Identifying Your Baby’s Unique Needs

To determine the best approach for sleep training your 6-month-old, you’ll need to observe and understand your baby’s specific needs.

At six months, many babies experience a sleep regression, which can be characterized by more frequent awakenings or difficulty falling asleep.

This is a normal part of development and not an indicator of a sleep problem that needs fixing. However, it does mean that your sleep training approach may need to be adjusted.

Consider the following:

  • Sleep Patterns: Track your baby’s sleep for at least a week, noting the times when they naturally fall asleep and wake up.
  • Sleep Training Technique Testing: Note which sleep training technique, such as rocking or white noise, best helps your baby calm down for sleep.

By understanding these elements, you can better shape your sleep training plan to your baby’s rhythms and preferences.

Adjusting Methods to Suit Developmental Stages

At 6 months old, your baby is at a unique developmental stage. You’ll need to adjust sleep training methods accordingly, acknowledging that what works for newborns or older babies may not be suitable for a 6-month-old baby.

  • Routine Establishment: Work on establishing a consistent sleep routine. This could include a bath, reading a story, or cuddles before bed.
  • Gradual Changes: Make changes gradually to allow your baby to adjust. This might include slowly phasing out night feeds instead of stopping them abruptly.

Seeking Professional Guidance

In the journey of sleep training your 6-month-old, it’s crucial to consider credible medical advice. Expert insights can offer tailored strategies and peace of mind for new parents navigating this process.

Consulting with a Pediatrician

Your pediatrician is a valuable resource for personalized guidance on sleep training. They have a comprehensive understanding of your child’s health history and developmental milestones.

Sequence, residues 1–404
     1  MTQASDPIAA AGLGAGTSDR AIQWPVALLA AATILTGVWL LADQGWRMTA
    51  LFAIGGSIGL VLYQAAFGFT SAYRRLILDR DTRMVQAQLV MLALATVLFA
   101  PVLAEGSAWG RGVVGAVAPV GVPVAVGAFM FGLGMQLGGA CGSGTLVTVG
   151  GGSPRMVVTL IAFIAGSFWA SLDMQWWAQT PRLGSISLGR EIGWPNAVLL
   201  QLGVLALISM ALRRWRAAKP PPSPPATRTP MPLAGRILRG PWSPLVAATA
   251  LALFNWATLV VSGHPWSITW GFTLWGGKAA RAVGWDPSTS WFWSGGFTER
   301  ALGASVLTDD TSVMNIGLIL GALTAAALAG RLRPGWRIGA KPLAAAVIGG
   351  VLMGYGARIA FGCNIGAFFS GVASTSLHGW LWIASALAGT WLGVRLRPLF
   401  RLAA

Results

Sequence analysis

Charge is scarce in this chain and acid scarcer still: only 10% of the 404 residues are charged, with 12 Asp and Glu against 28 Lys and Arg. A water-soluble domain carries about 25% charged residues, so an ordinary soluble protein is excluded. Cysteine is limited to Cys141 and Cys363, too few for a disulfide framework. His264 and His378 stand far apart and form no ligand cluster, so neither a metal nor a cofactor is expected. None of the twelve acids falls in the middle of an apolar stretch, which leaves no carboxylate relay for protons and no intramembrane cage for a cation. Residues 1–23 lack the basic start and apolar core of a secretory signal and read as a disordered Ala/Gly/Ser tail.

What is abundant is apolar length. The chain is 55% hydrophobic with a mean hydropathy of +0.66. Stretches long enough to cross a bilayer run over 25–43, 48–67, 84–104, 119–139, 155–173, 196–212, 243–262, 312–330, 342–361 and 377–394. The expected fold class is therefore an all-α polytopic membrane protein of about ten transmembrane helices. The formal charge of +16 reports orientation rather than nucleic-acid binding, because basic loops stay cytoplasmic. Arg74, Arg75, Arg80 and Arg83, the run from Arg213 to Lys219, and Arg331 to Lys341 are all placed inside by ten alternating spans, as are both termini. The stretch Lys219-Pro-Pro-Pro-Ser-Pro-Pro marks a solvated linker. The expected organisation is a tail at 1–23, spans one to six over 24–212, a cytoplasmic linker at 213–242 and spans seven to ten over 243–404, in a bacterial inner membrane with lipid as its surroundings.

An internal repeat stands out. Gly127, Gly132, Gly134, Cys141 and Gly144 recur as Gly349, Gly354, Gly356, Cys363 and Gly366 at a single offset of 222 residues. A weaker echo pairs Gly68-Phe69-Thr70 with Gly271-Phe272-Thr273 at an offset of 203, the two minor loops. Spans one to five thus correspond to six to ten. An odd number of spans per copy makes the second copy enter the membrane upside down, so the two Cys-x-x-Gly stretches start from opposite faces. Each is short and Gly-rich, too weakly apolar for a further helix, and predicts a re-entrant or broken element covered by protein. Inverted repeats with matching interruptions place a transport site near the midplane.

Discussing your sleep training plan with a pediatrician ensures that it aligns with your baby’s specific needs. They can also provide support materials or references to a sleep specialist if needed.

Ask about:

  • Appropriate sleep training methods for your baby.
  • Signs that indicate your baby is ready for sleep training.

When to Seek Medical Advice

If you encounter challenges during sleep training, it may be time to seek medical advice. Look for signs that suggest your baby’s sleep issues might have an underlying medical condition, such as:

  • Frequent night awakenings
  • Difficulty breathing during sleep
  • Inability to be soothed or settled

Signs of illness, such as fever or persistent crying, warrant an immediate consultation with your pediatrician. Your instinct and observations as a parent, combined with professional advice, form the foundation for a successful sleep training experience.

  • Be attentive to: Changes in sleep patterns or behaviors.
  • Act promptly: Contact your pediatrician if your baby’s sleep issues persist or worsen.
Sleep Training 6 Month Old | Your Step-by-Step Guide

Let’s be honest…it’s no fun sleep training 6 month old babies. But once they’re sleep trained, you, your baby, and your entire family can finally get the sleep you all so desparately need!

You’ve got this!

New Parent Pack | Free Download

P.S. Do you have a new baby or know someone who does? Download our free new parent pack for seven handy printable resources! From feeding trackers to stupid easy recipes, we’ve got ya covered! Get yours HERE.

Disclosure: While all opinions are our own, we are a participant in the Amazon Services LLC Associates Program and other affiliate advertising programs, designed to provide a means for us to earn fees by linking to and affiliated sites, at no additional cost to you.